Not all are impressed with Wal-Mart’s effort to boost U.S. manufacturing.
“If you think Walmart is making this pledge for purely PR reasons, you’d be both right and wrong,” Alliance for American Manufacturing President Scott Paul said in a statement. “Right, in the sense that lots of folks blame Walmart and its sourcing practices for the decline in manufacturing jobs, and thus eager to garner some positive publicity. But wrong, in the sense that – in some cases – the economics now favor “reshoring” of work back to the U.S., due to an emerging domestic energy cost advantage, rising wages in Asia, and wage stagnation in the U.S.”
Mary Bottari, deputy director at the Center for Media and Democracy and a former trade analyst for Public Citizen’s Global Trade Watch, blamed Wal-Mart and its “relentless pursuit of cheap goods” for the decline in U.S. manufacturing. The Center for Media and Democracy recently added new information on its website tracking Wal-Mart claims related to its onshoring effort.
And not to be left out when it comes to criticizing Wal-Mart, the head of the AFL-CIO also blamed the retailer for manufacturing job losses and low wages.
“It’s about time Walmart figured out that America’s workers are the most qualified and the best skilled at getting the job done,” AFL-CIO President Richard Trumka said in a statement. “For decades, Walmart has led the charge on outsourcing and a global race to the bottom. But workers will not benefit from a Walmart-ification of our manufacturing sector. Jobs in the Walmart model won’t restore America’s middle class or build shared prosperity given the company’s obsession with low labor costs and undermining American labor standards.”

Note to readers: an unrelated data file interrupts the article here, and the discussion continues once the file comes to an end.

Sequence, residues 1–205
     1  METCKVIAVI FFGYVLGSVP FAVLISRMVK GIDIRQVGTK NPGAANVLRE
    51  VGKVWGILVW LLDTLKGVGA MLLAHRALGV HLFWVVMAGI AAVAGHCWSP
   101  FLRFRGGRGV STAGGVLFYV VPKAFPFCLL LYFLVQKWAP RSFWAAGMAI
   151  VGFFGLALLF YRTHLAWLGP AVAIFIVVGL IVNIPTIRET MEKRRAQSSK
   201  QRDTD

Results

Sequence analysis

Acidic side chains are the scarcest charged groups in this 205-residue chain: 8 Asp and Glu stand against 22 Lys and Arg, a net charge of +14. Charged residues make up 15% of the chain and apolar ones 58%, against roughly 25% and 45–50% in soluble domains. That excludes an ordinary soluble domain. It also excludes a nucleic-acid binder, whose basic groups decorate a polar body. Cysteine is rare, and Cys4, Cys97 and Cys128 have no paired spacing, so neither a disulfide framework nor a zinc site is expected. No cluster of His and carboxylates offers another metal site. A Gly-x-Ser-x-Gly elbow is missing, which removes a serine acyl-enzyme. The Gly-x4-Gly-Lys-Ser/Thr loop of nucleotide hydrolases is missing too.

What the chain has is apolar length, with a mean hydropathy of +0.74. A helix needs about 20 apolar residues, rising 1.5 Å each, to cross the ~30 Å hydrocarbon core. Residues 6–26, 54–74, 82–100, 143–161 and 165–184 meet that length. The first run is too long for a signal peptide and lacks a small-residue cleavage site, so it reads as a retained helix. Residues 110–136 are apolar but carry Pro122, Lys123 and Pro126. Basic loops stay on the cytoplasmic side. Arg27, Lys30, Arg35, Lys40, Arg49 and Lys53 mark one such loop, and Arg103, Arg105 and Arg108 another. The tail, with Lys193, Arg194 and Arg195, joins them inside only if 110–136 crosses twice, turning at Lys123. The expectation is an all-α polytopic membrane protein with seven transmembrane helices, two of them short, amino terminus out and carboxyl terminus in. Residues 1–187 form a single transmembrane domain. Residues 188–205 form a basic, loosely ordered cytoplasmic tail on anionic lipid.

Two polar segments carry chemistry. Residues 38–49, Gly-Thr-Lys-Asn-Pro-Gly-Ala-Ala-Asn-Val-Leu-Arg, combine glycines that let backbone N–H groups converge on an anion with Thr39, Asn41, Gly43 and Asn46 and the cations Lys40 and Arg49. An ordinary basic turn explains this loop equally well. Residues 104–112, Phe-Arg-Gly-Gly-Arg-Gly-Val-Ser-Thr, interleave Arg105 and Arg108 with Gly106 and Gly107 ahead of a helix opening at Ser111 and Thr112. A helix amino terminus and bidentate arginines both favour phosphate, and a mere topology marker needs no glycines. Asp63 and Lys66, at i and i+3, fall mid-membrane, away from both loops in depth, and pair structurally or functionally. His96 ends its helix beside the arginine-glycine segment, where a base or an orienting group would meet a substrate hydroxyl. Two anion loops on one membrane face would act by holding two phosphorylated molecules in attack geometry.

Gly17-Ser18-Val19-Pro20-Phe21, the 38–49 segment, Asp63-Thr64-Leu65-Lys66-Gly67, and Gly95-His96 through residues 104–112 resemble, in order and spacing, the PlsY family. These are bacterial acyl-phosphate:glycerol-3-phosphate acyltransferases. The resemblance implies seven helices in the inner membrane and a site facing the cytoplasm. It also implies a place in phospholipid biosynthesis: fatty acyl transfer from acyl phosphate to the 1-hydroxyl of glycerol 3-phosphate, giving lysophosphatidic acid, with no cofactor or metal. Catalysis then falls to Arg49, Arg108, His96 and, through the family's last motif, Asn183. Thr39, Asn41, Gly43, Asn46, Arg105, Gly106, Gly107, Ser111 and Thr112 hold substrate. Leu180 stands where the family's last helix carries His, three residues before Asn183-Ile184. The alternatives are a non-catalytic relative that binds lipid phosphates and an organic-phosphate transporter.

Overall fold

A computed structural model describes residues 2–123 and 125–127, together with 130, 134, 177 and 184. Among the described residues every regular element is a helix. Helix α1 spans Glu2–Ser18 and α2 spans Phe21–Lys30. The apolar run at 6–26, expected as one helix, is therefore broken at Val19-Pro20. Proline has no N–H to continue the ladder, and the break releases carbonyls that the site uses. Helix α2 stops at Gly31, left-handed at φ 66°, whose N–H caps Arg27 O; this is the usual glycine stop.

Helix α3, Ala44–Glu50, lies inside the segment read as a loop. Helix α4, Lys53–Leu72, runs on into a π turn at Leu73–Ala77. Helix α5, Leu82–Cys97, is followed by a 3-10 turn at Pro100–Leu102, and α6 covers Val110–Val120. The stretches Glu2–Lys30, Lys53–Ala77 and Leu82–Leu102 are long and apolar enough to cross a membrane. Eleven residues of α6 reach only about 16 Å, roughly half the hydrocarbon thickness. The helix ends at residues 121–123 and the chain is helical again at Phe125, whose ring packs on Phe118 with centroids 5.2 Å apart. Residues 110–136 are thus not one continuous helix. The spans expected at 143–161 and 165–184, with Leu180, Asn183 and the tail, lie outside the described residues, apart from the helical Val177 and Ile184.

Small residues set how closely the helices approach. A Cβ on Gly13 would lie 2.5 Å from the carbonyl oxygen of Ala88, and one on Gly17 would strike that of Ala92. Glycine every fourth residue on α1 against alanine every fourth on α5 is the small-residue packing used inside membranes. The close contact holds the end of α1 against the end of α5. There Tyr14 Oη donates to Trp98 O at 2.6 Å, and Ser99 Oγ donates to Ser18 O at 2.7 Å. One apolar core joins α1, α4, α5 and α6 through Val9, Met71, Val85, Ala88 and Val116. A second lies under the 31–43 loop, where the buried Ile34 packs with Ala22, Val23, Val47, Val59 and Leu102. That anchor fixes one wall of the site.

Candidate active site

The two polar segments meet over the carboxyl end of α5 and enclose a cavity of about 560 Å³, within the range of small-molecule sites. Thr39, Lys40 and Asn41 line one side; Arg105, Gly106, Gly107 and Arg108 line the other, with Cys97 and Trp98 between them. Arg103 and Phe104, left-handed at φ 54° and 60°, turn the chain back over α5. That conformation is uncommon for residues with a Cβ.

During the summit’s opening meeting Wal-Mart shared several success stories involving more U.S. manufacturing jobs as a result of the involvement.
Burt Hanna of Hanna’s Candles, John McCutcheon of PolyTech Plastics and Mel Redman, all based in Northwest Arkansas said their businesses directly were able to add jobs because of the Wal-Mart initiative.
South Carolina Governor Nikki Haley also announced another victory for her state during Thursday’s summit. Enor Corp, a family-owned manufacturer of plastic toys, outdoor games and junior sports items, is establishing a new manufacturing facility in Fairfield County to supply U.S.-made toys to Walmart stores. The multi-million-dollar investment is expected to create 151 jobs to Fairfield, S.C.
Enor is the fifth Walmart supplier announcing a new facility in South Carolina since August 2013, joining Element Electronics, Louis Hornick & Co., Kent International and Giti Tire. Element Electronics made their deal exactly one year ago at Wal-Mart’ first manufacturing summit in Orlando. Today after a $7.2 million investment there are 325 jobs this year and the plant is sending televisions to Wal-Mart every day.
“That’s pretty amazing to think that plant didn’t exist a year ago,” Gloeckler said.